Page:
@Anoa Bob, good one.

Anonymous 9:05 PM  

So true on the "noes." When it's R.S.V.P., you know, French, how is it not "nons"

albatross shell 9:31 PM  

We have amish woopie pies here. I prefer the ones with vanilla cakes. The filling is vanilla, whipped egg whites, sugar and crisco. My favorite these days is the amish raisin bread with about a half-inch+ of frosting on top. Just butter and eat. Better is to take the frosting off, toast then butter and spread the frosting on as well. The mix of butter and frosting over the raisin bread is heavenly.

Jon R 3:40 PM  

Pretty good puzzle, but I couldn't get the SE at all. Too many Peacocks and references to things I've never heard of (TRIM SPA?). Killed myself trying to remember anything about Thomas the Tank Engine, which my daughter just adored 5 years ago...but alas nothing. Definitely did a face palm when I saw PERCY as the answer. Yes, he was a good friend indeed.

Burma Shave 10:29 AM  


will PET and then SKIPASS.


rondo 12:02 PM  

I started off in the wrong medium at 1a, confidently filling in AirtimE where ADSPACE belonged. That’ll slow things down. MOONPIE was the first correct thing to appear and the pace picked up a tad. Clean the rest of the way, but it took plenty of time, which is just fine.

I only know of MOONPIE by way of the late columnist turned comedian Lewis Grizzard. The bit:
A man walks into a place and orders a MOONPIE and an RC. The proprietor says, “You must be from Arkansas.”
Man: “Because I ordered a MOONPIE and an RC?”
Proprietor: “Of course!”
Man: “Well, sir, I’m seriously offended.”
Proprietor: “Why’s that?”
Man: “Well, if I came in and ordered a Polish sausage, would you assume I was from Poland?”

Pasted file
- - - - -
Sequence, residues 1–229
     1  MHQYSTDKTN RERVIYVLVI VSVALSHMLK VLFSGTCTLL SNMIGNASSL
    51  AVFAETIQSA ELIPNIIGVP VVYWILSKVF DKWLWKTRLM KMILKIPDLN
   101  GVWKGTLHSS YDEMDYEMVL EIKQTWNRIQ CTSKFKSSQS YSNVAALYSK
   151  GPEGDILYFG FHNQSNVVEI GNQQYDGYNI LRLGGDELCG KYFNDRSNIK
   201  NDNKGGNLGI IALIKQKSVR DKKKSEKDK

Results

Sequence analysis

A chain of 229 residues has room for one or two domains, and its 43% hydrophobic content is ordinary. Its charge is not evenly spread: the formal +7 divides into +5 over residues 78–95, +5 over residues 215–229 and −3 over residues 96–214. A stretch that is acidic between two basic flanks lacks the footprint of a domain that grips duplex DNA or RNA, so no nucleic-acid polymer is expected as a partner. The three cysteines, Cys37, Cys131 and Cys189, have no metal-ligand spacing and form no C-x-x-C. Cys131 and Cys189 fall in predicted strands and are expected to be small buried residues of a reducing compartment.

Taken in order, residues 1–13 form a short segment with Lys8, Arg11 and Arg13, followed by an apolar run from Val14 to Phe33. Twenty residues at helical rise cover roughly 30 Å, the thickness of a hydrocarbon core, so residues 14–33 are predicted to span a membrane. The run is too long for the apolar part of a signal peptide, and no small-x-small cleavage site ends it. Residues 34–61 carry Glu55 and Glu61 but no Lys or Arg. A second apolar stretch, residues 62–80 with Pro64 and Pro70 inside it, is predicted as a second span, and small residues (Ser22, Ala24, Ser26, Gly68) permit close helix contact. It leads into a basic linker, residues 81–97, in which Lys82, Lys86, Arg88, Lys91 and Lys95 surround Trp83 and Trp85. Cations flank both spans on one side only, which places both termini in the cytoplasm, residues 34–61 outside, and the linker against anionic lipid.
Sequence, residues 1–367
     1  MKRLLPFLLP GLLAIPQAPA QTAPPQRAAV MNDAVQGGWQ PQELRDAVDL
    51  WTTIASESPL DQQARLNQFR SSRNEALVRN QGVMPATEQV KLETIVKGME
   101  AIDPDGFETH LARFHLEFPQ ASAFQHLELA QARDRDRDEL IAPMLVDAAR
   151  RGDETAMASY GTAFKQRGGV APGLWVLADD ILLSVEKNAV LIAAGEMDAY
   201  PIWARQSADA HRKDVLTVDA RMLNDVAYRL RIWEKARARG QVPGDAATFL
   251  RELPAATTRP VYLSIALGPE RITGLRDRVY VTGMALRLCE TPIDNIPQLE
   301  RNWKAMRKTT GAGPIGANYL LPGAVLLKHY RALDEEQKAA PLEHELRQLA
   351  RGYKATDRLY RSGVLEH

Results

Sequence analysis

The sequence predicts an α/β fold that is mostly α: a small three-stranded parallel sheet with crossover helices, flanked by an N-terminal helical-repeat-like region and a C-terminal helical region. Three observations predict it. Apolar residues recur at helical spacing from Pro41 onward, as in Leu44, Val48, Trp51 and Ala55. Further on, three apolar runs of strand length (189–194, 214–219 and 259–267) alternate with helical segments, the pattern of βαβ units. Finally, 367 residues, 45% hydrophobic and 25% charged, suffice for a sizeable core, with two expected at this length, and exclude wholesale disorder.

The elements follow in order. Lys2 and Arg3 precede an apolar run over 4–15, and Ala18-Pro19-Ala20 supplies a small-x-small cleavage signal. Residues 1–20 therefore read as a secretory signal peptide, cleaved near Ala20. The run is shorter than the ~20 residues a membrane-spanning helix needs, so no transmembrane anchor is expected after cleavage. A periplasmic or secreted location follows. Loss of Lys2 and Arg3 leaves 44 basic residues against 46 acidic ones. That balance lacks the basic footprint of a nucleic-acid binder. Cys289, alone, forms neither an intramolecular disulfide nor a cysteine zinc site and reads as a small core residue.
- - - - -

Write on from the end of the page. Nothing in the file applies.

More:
Proprietor: “Of course not!”
Man: “Well, if I came in and ordered French fries, would you assume I was from France?”
Proprietor: “Of course not!”
Man: “Well then why on earth do you assume I’m from Arkansas because I ordered a MOONPIE and an RC?”
Proprietor: “Because this is a hardware store.”

No sign of a yeah baby so any one of those gals in ZZ Top’s video for ‘LEGS’ is nominated.

I thought this puz FARE for Friday.

leftcoast 3:05 PM  

Easy in the South, tough in the North:

1D: Georgia>>Alabama>>>ATLANTA
1A: Ad slots>>AD SPACE
8A: TV shows>>SAFARIS
16A: In a hole>>IN A HAZE, and the winner...
18A: Paralax>>PARADOX


rainforest 4:09 PM  

Very good puzzle which I found challenging at first, but once I went down the East, it became more "mediumish". I thought the fill was delightful and the cluing appropriately Friday-level.

The terminal E on AORTAE was my last square filled in but it made sense for EYESPOT. I knew it was some kind of spot, even though I've never seen a peacock, except for MRS.

Things that were gimmes: ETTORE, NADIR, MGS, and KUNG PAO. They helped a bunch.

Learned something about ALI BABA. TRIMSPA came completely from crosses.
I really liked this one.

Diana,LIW 4:31 PM  

Close, but no cigar for me today.

Lady Di

spacecraft 9:14 PM  

If you don't know MOONPIE, you never watched "The Green Mile," in which Wild Bill buys one for a nickel so he can Animal-House blurt a mouthful into Brutal's face.


Great movie moments. I did this one in about five Rexes, not bad by my standards, so I'd concur on the easy-medium rating. DOD ADA Nicodemou can be my SEXPERT anytime. I liked it just fine, thank you, and am pleased to give it a birdie.

Anonymous 1:26 PM  

Like Loren didnt get started until moon pie. Filled in the complete west prior to much at all in the east. Worked that from south to north with radio dj (with a clever terminal j) and I zombie fitting into safaris and nadir. I hav to disagree with OFL on this one, I think it would be much more difficult to construct something of merit with a plethora of 7s and four 8s to work with. What it lacked in pizzazz it made up with in workmanlike efficiency. Surprised OFL did not chide for AHA but then again it was a necessary part of the corner as constructed.